When optimizing supply chain performance, the focus should be on improving our people, our processes and how we leverage data to improve results. Starting with your people: look at how the supply chain operates. Does the supply chain cross-functional team on issues and improvement opportunities or do we function in silos? Are you using real-time data and leveraging our ERP systems to make decisions and manage the business or do you rely solely on spreadsheets and tribal knowledge? Is the business in constant firefighting mode or do you manage by exception? Do you have a culture of continuous improvement or are you consumed with activities just to meet demand? Optimization is about enhancing the skills of your people and putting them in a position to collaboratively work smarter, not harder.
When reviewing processes, we need to examine if current processes across the supply chain support business objectives. If one of our business objectives is to be able to make a promise to a customer and achieve 97% on-time and in-full performance, then our processes (and data) must align with this strategy. You should ask yourself these questions to fulfill this strategy: do we have forecasts loaded in our ERP system? Do our team members run exception reports at the start of every shift? Are processes in place to address the exceptions across the supply chain and elevate key issues requiring management attention? What is our cadence to review key performance metrics? What is our process to review the performance and accountability of our team members?
Earlier, we called out using data to improve supplier performance. Another good example of this is inventory management. Whether its raw materials, work in process, finished goods, spare parts or equipment, chances are good you are moving inventory through a supply chain. The ability to manage inventory efficiently through the supply chain will make a huge impact on business results. Too much inventory and you’ll end up tangling working capital and potential cash flow. When inventory levels are too low, we risk stock outs and can potentially impact service levels. Here are a few ways you can leverage data to improve inventory management leading to reduced supply chain costs and improve service levels:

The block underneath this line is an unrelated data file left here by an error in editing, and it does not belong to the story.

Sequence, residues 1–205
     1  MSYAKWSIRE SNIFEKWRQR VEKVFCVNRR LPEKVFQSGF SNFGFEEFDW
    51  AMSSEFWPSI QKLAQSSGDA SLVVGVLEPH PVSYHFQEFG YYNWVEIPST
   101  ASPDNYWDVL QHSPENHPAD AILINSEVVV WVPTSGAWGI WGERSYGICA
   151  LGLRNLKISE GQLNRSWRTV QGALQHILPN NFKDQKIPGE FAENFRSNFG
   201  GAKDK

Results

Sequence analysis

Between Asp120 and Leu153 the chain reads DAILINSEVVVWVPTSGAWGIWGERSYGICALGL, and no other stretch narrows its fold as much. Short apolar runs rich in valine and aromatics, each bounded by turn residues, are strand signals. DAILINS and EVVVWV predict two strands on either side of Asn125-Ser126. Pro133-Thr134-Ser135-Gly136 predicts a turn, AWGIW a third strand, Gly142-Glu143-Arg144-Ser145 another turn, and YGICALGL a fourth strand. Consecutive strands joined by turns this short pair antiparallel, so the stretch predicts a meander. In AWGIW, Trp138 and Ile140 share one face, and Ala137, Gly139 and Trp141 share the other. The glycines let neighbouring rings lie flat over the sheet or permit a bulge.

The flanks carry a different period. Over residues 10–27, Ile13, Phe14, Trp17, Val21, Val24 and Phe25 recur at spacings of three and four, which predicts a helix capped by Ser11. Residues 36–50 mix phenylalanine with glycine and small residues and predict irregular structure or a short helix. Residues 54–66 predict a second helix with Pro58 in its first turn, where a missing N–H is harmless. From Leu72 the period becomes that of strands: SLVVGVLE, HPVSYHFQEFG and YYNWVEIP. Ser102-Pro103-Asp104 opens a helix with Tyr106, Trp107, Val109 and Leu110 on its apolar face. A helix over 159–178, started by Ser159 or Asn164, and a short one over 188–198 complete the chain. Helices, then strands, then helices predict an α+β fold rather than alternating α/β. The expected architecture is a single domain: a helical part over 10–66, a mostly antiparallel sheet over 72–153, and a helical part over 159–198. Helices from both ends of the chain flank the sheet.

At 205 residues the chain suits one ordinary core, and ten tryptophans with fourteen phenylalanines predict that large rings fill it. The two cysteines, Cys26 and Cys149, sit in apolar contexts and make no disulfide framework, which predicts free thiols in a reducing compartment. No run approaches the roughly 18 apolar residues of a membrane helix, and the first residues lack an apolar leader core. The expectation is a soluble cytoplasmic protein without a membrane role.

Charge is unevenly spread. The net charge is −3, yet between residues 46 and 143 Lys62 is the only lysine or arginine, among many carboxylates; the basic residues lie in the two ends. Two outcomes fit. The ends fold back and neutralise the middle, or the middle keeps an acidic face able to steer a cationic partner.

To improve supply chain’s value to the business we need to optimize the performance of our people, align our processes to our business objectives and improve the use of available data.
Take action: Identify team member activities that are not adding value and automate. Invest in the skills of your people to perform at a higher level, and develop a culture that continuously reviews and adjusts processes to achieve desired business outcomes. Lastly, consider increasing the utilization of your systems and data to manage the business.
With the undeniable link between supply chain performance and business profitability, supply chains must be considered strategically important.
Organization Leaders Should Consider the Following Questions:
If you answered “no” to many of these questions, then you are likely stepping over $100 bills with each step taken in our plants and operations. Developing a world-class supply chain is no easy task and takes time. The time is worth taking, and investments are worth making, even if skills are needed to be supplemented with those of external experts to address some key supply chain issues and challenges. By improving supply chain operations, you have the power to increase profitability and position your business for a bright and successful future.
Reveal transforms SAP-centric supply chain-driven businesses to run better. Our focus is to challenge the traditional thinking of the modern supply chain to ensure sustainable and successful businesses. We change the way people think and operate by revealing the hidden value in existing processes and deploying the smart use of technology.Tags: Business Results, Business Sustainability, inventory optimizaiton, Planning, SAP supply chain optimization